The Christchurch mosque attacker is considering appealing his unprecedented whole-of-life jail term, arguing guilty pleas made in the wake of the 2019 shootings were obtained under duress, his lawyer said Monday.
Self-proclaimed white supremacist Brenton Tarrant pleaded guilty to 51 charges of murder, 40 of attempted murder and one of terrorism last year.
He was sentenced to life imprisonment without the possibility of parole, the first time a whole-life term has been handed down in New Zealand.
Tarrant did not offer a defence at the time but his lawyer Tony Ellis said the Australian national was questioning his decision to plead guilty.
Ellis said the gunman, 31, had told him the pleas were entered under duress because he was subject to "inhuman and degrading treatment" while being held on remand.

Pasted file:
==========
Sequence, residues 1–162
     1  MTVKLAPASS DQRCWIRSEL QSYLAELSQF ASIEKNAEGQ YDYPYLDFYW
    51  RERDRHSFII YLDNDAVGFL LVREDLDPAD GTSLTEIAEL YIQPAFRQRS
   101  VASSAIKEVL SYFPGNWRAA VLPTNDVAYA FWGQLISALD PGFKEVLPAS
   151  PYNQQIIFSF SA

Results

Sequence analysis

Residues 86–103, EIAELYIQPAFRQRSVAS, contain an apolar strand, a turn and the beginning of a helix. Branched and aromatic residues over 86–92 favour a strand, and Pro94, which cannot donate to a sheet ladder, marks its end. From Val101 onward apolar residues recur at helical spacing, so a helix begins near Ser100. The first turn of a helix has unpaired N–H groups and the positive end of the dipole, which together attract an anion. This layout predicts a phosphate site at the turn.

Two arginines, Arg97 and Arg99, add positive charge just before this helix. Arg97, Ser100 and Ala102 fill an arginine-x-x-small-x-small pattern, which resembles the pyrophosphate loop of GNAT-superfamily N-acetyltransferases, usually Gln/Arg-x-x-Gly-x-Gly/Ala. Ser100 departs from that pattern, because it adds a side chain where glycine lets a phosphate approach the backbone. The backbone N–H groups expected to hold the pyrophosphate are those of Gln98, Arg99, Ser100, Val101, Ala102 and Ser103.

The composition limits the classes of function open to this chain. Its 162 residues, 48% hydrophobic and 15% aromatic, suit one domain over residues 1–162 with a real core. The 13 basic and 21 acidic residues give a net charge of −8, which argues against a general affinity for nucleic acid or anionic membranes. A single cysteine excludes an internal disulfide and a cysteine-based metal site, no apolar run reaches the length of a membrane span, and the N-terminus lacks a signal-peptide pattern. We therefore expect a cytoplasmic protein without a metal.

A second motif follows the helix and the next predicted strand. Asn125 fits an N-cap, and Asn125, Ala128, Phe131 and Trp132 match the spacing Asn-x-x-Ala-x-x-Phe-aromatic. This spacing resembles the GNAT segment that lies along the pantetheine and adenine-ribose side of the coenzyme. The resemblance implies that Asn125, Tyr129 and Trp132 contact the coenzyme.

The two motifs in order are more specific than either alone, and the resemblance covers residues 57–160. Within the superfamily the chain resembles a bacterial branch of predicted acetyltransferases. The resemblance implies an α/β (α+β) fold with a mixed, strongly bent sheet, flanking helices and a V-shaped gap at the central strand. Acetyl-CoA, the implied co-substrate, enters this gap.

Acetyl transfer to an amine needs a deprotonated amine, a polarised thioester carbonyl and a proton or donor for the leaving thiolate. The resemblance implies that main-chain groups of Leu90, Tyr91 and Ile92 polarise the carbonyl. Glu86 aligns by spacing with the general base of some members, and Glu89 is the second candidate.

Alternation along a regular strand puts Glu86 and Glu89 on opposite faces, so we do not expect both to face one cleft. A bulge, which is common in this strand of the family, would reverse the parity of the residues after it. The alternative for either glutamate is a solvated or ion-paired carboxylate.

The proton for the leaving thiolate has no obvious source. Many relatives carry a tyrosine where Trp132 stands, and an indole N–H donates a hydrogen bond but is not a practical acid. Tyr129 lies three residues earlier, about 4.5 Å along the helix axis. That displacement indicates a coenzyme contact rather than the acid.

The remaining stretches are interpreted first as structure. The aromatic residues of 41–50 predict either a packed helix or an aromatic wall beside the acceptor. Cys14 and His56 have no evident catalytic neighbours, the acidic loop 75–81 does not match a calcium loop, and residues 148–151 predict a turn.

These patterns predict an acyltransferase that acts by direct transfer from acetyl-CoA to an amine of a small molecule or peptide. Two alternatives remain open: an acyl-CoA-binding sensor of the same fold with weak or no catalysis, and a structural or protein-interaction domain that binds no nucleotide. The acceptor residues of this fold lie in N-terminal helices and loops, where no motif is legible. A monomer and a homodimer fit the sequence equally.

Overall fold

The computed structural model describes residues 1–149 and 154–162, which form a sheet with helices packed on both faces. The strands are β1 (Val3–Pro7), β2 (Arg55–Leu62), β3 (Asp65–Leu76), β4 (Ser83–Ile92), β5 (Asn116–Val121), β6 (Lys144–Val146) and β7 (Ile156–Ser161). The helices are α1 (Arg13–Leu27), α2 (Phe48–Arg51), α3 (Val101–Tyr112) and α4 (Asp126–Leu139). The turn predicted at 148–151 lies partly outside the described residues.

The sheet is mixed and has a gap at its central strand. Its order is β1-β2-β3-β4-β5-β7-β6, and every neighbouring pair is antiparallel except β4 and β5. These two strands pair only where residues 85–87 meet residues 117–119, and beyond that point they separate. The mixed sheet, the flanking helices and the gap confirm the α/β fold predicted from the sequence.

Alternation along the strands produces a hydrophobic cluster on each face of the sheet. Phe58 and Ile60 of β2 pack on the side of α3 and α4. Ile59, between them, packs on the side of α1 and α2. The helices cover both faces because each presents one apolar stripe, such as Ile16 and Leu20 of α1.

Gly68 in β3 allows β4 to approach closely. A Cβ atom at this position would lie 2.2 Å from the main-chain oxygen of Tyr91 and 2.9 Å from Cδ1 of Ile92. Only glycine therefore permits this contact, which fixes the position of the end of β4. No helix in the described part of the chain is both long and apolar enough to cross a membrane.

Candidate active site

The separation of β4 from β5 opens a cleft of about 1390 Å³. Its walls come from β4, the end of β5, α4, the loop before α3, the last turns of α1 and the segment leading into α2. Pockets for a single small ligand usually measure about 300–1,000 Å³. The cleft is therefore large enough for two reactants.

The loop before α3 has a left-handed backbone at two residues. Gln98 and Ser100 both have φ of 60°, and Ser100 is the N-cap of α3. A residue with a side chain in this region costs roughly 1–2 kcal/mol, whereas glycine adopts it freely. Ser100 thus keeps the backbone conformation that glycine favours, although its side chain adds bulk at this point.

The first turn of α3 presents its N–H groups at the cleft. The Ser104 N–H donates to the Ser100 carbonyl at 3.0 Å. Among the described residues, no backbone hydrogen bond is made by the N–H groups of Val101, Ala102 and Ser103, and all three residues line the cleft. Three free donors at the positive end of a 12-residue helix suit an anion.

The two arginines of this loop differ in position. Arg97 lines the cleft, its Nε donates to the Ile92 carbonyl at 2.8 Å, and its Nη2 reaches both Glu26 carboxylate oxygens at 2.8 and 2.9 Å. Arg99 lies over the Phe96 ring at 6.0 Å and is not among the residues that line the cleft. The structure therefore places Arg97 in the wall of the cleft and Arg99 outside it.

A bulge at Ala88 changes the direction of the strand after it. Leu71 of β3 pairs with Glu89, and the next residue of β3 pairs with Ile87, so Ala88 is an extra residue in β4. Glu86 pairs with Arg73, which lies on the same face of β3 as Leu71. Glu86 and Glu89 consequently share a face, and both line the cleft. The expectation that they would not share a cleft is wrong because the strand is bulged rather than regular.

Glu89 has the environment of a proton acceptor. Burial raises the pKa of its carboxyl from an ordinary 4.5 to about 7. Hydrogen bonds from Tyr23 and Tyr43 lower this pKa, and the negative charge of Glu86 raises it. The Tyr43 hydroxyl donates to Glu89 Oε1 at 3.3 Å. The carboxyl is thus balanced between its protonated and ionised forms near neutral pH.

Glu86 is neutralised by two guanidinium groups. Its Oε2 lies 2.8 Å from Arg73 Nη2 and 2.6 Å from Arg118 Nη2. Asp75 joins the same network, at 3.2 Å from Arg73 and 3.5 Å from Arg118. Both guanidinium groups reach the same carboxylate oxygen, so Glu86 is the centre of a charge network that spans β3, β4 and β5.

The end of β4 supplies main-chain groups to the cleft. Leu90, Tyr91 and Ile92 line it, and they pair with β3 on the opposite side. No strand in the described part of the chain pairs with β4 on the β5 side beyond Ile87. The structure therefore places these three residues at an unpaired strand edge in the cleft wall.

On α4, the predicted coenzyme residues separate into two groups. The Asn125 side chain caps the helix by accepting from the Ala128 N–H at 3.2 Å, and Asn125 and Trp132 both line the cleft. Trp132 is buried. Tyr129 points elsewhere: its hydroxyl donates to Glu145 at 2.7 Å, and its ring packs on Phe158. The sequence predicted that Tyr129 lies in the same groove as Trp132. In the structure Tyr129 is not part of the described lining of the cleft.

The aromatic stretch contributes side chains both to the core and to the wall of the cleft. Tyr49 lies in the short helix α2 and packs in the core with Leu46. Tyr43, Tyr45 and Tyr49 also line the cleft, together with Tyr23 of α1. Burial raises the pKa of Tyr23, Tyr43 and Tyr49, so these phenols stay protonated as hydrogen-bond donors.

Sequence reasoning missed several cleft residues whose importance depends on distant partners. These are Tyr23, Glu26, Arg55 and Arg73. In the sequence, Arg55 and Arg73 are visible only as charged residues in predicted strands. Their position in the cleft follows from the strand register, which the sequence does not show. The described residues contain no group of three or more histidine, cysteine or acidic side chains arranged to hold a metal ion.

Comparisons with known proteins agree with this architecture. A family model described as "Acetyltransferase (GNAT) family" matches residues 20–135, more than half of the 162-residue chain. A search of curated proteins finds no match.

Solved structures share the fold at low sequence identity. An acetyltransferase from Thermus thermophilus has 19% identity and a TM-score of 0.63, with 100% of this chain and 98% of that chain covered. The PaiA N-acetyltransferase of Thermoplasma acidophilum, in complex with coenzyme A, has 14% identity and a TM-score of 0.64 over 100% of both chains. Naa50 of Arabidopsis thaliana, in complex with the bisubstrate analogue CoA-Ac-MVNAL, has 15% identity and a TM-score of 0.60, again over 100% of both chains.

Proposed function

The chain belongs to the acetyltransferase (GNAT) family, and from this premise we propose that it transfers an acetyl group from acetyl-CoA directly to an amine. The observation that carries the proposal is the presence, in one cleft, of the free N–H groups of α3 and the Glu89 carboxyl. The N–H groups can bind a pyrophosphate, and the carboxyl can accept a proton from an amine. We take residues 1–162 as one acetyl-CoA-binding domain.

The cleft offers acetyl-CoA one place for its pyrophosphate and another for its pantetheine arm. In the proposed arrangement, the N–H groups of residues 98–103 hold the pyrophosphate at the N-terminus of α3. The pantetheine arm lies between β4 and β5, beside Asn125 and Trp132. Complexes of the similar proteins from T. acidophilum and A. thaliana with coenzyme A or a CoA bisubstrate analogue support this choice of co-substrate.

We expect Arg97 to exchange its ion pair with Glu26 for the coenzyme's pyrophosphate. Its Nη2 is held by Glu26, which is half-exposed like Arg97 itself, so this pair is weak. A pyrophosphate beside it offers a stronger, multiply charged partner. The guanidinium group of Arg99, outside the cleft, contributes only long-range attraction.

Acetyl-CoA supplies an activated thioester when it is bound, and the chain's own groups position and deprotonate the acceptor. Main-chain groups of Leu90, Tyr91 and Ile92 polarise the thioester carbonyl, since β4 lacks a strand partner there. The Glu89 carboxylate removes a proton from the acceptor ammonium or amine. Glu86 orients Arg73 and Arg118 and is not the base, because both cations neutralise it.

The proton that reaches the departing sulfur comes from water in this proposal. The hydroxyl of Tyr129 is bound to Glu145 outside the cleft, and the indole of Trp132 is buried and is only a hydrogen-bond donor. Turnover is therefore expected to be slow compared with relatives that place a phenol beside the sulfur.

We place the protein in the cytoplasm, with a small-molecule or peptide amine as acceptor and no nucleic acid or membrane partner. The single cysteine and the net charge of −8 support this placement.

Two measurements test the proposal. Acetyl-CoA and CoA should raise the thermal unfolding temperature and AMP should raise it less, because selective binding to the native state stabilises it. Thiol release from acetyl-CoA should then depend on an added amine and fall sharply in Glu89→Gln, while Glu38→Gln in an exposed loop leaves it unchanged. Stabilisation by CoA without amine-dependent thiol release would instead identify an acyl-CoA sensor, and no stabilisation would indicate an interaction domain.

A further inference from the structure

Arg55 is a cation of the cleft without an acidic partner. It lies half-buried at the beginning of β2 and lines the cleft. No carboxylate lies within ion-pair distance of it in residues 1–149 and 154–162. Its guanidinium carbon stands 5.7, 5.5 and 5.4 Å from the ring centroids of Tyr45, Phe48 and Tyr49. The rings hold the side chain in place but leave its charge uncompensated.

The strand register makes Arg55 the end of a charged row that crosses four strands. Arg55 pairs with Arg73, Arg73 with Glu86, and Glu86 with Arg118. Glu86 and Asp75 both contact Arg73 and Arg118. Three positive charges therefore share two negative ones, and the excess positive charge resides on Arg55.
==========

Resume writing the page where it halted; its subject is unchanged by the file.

"He decided that the simplest way out was to plead guilty," Ellis told Radio New Zealand.
Ellis reportedly took over as Tarrant's lawyer ahead of a coroner's inquiry into the March 2019 shootings and advised his client to exercise his right of appeal.
"He was sentenced to over 25 years, that is a sentence of no hope and that's not allowed, that's a breach of the Bill of Rights," Ellis said.
Armed with an arsenal of semi-automatic weapons, Tarrant attacked Friday worshippers at Christchurch's Al Noor mosque first, before moving on to the Linwood prayer centre, livestreaming the killings as he went.
His victims were all Muslim and included children, women and the elderly.
New Zealand does not have the death penalty and in sentencing in August last year, Judge Cameron Mander said he was imposing the harshest possible term for Tarrant's "inhuman" actions.
"Your crimes are so wicked, that even if you are detained until you die it will not exhaust the requirements of punishment and denunciation," Mander said at the time.
Ellis declined to comment when contacted by AFP, saying his client had instructed him to speak only to selected local media outlets.
There was no immediate response from the Coroner's Court.